Merck catches Bristol with surprise PD-1 filing
With yesterday’s US filing for MK-3475 Merck & Co stole a march on the mounting competition in immuno-oncology, and must have caught analysts, who had generally not been expecting the anti-PD-1 antibody to be launched until 2016, by surprise.
Little wonder that the group’s share price put on 7%, equivalent to a staggering $9.5bn increase in market capitalisation. The focus is bound to remain on additional indications and combination approaches, but for now investors can look to the completion of two key melanoma studies, as well as banking on immunotherapy being the hottest topic at Asco for the third year running.
MK-3475, which Merck had earlier referred to as lambrolizumab, is one of a handful of industry projects targeting PD-1, the so-called programmed death protein expressed on the surface of T-cells. Highly impressive melanoma data have propelled this class up the rankings of the industry’s most valuable projects.
The rolling BLA Merck submitted yesterday is for Yervoy-refractory advanced melanoma, and the company says it expects it to be completed in the first half of this year. At around this time a phase III trial in Yervoy-naive patients is due to be completed, followed in 2015 by a phase II study in Yervoy failures.
|Key studies of Merck & Co's MK-3475|
|Melanoma||Phase III||645 Yervoy-naive pts||NCT01866319|
|Melanoma||Phase II||510 Yervoy-refractory pts||NCT01704287|
|Various, including melanoma||Phase I||1,067 pts||NCT01295827|
|NSCLC||Phase II/III||920 second-line pts||NCT01905657|
|NSCLC||Phase I||30 pts||NCT01840579|
|NSCLC||Phase I||24 PD-L1-positive pts||NCT02007070|
|Renal cell carcinoma||Phase I||228 pts, combo with Votrient||NCT02014636|
|Various, including TNBC||Phase I||114 pts||NCT01848834|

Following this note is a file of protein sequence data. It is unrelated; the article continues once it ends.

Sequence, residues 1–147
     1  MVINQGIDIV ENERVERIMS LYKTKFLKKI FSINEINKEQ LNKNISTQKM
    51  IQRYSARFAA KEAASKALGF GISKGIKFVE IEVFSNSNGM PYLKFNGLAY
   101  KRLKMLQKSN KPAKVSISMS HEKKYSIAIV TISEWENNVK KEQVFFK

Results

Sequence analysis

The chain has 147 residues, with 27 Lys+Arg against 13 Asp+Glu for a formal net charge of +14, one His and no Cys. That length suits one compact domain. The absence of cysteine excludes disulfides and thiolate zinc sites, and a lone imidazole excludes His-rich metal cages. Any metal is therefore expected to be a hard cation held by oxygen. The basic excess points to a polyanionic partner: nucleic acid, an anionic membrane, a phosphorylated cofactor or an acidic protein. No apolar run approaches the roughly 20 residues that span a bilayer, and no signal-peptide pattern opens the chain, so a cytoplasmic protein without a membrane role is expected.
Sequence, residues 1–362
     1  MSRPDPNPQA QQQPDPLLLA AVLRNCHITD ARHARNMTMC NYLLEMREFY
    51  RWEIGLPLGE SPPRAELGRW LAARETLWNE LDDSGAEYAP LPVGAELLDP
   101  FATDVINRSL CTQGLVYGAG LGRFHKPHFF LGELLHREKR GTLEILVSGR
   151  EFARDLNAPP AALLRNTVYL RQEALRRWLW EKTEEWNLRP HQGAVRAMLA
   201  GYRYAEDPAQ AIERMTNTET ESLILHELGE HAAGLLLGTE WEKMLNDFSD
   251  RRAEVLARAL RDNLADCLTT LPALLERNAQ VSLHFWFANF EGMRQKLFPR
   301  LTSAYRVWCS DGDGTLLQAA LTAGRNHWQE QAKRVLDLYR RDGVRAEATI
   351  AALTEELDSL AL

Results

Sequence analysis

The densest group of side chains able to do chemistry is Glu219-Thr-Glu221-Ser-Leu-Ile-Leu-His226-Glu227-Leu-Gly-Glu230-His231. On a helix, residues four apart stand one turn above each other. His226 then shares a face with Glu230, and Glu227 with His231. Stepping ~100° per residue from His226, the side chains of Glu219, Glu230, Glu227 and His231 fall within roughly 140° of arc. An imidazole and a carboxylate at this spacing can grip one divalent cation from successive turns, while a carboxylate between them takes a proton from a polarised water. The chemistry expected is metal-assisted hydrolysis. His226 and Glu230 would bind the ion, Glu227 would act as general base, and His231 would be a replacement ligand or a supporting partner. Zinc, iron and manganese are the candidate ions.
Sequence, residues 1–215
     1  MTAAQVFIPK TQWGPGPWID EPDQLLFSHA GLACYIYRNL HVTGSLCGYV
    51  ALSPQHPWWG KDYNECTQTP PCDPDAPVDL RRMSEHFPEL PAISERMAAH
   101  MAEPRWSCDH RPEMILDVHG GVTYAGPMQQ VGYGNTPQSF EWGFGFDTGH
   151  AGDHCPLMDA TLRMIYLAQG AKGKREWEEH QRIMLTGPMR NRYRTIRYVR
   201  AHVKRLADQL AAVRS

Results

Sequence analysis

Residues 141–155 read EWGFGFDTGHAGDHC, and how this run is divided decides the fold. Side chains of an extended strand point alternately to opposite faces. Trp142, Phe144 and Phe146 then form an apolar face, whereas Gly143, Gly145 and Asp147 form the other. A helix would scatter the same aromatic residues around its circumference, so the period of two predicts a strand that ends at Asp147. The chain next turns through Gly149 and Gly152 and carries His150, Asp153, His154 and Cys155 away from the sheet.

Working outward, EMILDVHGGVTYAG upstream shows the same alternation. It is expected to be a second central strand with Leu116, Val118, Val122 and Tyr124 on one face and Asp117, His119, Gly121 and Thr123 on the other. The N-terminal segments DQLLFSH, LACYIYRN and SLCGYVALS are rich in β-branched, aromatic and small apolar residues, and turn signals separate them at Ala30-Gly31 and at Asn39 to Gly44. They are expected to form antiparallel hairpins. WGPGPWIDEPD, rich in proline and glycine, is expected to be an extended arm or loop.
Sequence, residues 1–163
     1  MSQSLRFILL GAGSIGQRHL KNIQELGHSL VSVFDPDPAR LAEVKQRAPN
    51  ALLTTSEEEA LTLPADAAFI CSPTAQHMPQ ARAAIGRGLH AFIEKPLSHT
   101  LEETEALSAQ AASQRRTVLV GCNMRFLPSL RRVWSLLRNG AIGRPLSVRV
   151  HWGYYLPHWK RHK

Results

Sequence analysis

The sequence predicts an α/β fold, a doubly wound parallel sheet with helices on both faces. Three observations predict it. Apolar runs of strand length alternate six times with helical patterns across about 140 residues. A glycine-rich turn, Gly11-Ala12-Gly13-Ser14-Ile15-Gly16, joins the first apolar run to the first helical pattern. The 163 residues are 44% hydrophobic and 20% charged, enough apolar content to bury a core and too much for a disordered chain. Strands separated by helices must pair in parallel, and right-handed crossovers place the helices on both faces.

|Various||Phase I||71 pts with microsatellite-unstable tumours||NCT01876511|
|Haematological malignancies||Phase I||100 pts||NCT01953692|
Until now Bristol-Myers Squibb’s competing project nivolumab was widely acknowledged as the most advanced anti-PD-1 antibody, though in fairness Merck had disclosed far less about MK-3475 than Bristol had about its candidate.
Before yesterday consensus estimates reckoned on a 2016 launch for the Merck antibody, resulting in 2018 sales of $1.2bn. Meanwhile, nivolumab carries 2018 sales estimates of a massive $3.6bn, and an NPV of $21.8bn; Merck might not have leapfrogged over Bristol yesterday, but it might have narrowed the gap.
If EvaluatePharma’s NPV Calculator tool is used to bring forward the launch of MK-3475 to mid-2015 – though admittedly, without splitting out the separate indications this is a relatively crude measure – forecast 2018 revenue rises to $1.7bn, and the project’s NPV rises $1bn to $9.1bn.
Still, in revenue terms the indication to watch is not melanoma but non-small cell lung cancer (Immunotherapy steps up a gear with lung cancer and combo focus, October 3, 2013). And ISI Group’s Mark Schoenebaum has been quick to point out that Bristol is well ahead of Merck in developing a melanoma combination with Yervoy – seen as key to improving the side-effect profile while maintaining efficacy.
One thing in Merck’s favour is MK-3475’s US breakthrough designation – something that nivolumab is not thought to hold. As Gilead Sciences demonstrated recently with idelalisib, however, breakthrough designation does not guarantee priority review, and in any case the FDA will prioritise any project it sees fit.
Bringing up the rear
Of course, Merck and Bristol are not the only players here; AstraZeneca this morning revealed early but significant progress with its anti-PD-L1 antibody MEDI4736. PD-L1 is the corresponding ligand, found on tumours, that binds to PD-1.
While the UK firm is bringing up the rear in this branch of immuno-oncology it is pushing hard to revamp its pipeline, and thus makes an interesting recovery play. It recently started a NSCLC study combining MEDI4736 with its anti-CTLA4 antibody tremelimumab, mirroring Bristol’s attempts to combine nivolumab with Yervoy.
A melanoma trial in collaboration with GlaxoSmithKline, combining MEDI4736 with two recently launched Glaxo drugs, the B-Raf kinase inhibitor Tafinar and the MEK inhibitor Mekinist, started dosing this month.
|Key studies of AstraZeneca's MEDI4736|
|Solid tumours||Phase I||220 pts, monotherapy||NCT01693562|
|NSCLC||Phase I||156 pts, combo with tremelimumab||NCT02000947|
|Melanoma||Phase I||69 pts, combo with dabrafenib and trametinib||NCT02027961|
Leerink analysts went as far as to say that, as immuno-oncology evolved towards combination therapy, Astra was a "dark horse" positioned to become a leader. Astute observers will note in the name of its anti-PD-L1 project the MEDI prefix, which stands for Medimmune, the group for which Astra paid $15.6bn in a highly criticised 2007 acquisition.
Remarkably, if immuno-oncology in general and MEDI4736 in particular live up to some of the hype, Medimmune might prove not to have been a waste of money after all.